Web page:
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Ep. 99: Shaykh Muhammad al-Ninowy

 

Shaykh Dr. Muhammad bin Yahya al-Ninowy is the Founder and Director of Madina Institute, an Islamic seminary in Atlanta, Georgia, with campuses in South Africa, the United Kingdom, Norway, Sudan, and Malaysia. Dr. Muhammad bin Yahya al-Ninowy is considered to be a Muhaddith; a scholar of Hadith sciences. He has authored books in Usul, Creed, Hadith, and Sufi sciences. He has been a pioneer working on grass root levels to bring back Unconditional compassion and love as the central themes of religion and has been the forerunner promoting non-violence among all people and religions worldwide. Dr. Muhammad bin Yahya al-Ninowy also holds a bachelor’s degree in microbiology from the University of Illinois, and a doctor of medicine degree.

 

 

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Mirror, Mirror on the Wall
Mirror, Mirror on the Wall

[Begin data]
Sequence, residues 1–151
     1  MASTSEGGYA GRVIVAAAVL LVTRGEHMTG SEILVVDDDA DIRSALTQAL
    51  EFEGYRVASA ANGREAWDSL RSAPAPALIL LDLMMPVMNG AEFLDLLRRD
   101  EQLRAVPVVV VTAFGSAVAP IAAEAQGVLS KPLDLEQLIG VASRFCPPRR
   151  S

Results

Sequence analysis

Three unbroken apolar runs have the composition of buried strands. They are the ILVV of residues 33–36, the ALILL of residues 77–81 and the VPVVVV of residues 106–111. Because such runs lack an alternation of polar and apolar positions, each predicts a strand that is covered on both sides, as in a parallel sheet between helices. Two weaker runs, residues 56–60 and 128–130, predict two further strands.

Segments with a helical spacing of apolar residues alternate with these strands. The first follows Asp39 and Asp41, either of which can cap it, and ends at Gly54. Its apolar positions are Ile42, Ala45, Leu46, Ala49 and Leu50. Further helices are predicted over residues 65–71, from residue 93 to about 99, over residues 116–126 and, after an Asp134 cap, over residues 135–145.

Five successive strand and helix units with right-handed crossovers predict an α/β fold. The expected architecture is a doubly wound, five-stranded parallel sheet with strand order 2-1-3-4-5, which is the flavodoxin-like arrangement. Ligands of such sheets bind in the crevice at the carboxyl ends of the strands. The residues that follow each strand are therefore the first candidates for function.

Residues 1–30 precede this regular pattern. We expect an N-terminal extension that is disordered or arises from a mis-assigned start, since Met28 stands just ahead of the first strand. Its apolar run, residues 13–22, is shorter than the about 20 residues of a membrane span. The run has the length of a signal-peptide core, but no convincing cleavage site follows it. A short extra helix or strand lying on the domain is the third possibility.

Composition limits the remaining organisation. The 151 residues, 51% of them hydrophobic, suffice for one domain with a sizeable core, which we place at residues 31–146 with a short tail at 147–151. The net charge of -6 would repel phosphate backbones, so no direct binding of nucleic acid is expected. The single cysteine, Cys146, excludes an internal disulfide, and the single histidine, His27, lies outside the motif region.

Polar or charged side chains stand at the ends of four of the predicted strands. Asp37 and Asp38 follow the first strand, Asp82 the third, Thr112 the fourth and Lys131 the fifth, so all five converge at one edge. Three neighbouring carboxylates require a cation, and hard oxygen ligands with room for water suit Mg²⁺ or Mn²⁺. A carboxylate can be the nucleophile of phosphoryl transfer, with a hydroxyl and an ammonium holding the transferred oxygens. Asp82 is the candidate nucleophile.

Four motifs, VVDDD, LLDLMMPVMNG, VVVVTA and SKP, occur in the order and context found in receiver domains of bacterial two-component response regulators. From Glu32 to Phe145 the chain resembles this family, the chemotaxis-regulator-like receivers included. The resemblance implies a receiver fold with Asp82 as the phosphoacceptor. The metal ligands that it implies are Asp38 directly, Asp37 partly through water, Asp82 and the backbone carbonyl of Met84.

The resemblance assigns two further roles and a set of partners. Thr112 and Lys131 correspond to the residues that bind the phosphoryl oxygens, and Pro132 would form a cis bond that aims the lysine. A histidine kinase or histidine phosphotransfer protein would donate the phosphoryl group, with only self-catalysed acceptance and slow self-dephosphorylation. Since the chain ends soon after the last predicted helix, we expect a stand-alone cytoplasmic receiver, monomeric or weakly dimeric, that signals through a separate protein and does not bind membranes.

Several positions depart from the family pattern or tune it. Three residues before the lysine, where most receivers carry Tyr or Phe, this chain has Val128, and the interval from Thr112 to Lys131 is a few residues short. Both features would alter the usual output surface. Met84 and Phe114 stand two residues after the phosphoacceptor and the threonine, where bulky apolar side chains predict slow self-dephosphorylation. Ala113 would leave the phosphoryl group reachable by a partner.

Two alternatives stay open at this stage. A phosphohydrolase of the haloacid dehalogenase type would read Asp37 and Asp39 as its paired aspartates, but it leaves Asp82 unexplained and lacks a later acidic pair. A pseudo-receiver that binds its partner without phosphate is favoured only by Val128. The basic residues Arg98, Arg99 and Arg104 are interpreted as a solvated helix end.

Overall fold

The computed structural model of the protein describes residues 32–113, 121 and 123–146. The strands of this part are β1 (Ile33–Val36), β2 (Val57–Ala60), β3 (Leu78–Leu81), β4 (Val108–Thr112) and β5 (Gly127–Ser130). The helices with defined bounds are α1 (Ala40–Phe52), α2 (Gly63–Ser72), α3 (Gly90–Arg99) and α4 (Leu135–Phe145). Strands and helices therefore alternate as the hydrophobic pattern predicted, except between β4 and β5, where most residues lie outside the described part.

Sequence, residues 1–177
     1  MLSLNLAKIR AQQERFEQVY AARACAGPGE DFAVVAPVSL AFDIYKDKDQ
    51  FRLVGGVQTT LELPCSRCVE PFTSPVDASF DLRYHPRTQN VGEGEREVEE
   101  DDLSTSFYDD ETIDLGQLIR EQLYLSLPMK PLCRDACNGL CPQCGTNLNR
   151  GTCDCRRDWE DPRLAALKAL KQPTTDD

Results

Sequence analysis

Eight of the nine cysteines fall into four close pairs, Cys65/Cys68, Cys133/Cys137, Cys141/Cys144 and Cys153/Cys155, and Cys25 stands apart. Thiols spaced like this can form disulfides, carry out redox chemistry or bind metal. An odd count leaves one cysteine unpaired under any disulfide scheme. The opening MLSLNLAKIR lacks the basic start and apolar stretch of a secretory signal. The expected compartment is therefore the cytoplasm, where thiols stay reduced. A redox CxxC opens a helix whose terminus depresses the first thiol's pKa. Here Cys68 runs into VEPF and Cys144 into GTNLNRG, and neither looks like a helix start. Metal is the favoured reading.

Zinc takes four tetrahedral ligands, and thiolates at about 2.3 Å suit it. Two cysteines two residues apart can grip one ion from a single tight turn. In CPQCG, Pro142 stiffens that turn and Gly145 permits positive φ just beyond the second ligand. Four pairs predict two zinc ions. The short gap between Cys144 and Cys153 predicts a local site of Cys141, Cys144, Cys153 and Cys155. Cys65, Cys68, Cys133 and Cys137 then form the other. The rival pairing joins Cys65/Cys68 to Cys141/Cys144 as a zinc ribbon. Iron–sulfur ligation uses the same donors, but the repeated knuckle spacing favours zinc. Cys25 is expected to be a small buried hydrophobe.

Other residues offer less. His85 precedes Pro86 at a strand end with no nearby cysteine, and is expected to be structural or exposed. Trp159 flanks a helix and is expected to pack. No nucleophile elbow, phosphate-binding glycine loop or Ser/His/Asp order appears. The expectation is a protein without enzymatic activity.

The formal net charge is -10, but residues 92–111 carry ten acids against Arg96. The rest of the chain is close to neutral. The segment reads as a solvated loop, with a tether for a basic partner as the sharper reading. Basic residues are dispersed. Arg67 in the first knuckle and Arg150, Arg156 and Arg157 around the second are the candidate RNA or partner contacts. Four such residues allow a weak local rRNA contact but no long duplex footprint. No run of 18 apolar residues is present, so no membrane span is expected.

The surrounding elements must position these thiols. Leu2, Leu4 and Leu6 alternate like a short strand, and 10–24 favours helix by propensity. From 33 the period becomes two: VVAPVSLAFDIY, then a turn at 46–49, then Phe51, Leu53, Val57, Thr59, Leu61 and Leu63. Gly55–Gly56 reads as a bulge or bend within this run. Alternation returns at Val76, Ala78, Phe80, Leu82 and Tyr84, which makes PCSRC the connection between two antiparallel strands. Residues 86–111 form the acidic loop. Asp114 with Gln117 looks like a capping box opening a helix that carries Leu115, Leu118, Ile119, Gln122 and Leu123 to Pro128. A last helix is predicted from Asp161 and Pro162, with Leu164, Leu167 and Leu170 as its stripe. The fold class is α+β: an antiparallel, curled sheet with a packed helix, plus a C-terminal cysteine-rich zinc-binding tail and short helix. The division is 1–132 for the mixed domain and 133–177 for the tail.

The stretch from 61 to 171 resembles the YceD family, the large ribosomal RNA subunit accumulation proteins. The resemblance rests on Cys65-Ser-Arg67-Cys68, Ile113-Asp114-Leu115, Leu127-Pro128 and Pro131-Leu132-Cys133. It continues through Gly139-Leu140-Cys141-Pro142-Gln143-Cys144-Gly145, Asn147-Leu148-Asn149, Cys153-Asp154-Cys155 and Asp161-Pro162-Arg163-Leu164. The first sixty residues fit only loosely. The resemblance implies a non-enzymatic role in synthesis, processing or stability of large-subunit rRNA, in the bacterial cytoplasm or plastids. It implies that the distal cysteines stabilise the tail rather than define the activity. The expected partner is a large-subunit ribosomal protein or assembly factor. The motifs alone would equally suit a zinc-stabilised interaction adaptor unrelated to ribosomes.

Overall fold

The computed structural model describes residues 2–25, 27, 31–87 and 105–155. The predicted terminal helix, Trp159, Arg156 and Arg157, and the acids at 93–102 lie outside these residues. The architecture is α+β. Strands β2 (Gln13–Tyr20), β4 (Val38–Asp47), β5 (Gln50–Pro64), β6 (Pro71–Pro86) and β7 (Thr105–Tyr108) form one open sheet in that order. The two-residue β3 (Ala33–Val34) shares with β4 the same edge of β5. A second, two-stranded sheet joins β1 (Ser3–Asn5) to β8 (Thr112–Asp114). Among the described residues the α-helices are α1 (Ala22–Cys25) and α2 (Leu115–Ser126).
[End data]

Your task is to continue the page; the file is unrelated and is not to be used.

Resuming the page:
In the origin story of Japan, it is written that the sun goddess Amaterasu was once found hiding in a cave, refusing to come out. Avoiding the potential disaster of having no sunlight, no sun rise, and no sun set, the deity Ishikoridome placed a mirror at the cave’s entrance to distract her. Upon seeing this new shiny object, Amaterasu was intrigued and slowly emerged from the darkness following the shiny reflections in the mirror. When Amaterasu was ultimately sent by her family to rule over Japan (literally the land of the rising sun), she was given three objects to serve as a sign of her power and authority: the mirror symbolizing truth, a jewel symbolizing benevolence, and a sword symbolizing virtue. These three objects, collectively referred to as the Imperial regalia of Japan [LINK], are considered the most sacred objects to the Japanese people and a sign of the both the legitimacy and continuity of the Chrysanthemum throne: the oldest, continually running monarchy on earth. These objects are so important to the Japanese people that they have never been seen, not even by the emperor himself! They are always presented at imperial coronations [LINK] in boxes covered with beautiful Japanese silk as a sign of authority and Imperial rule. They are also kept in three different locations throughout the country to provide maximum protection. As long as these three objects exist and remain safe, so too is Japan her people.

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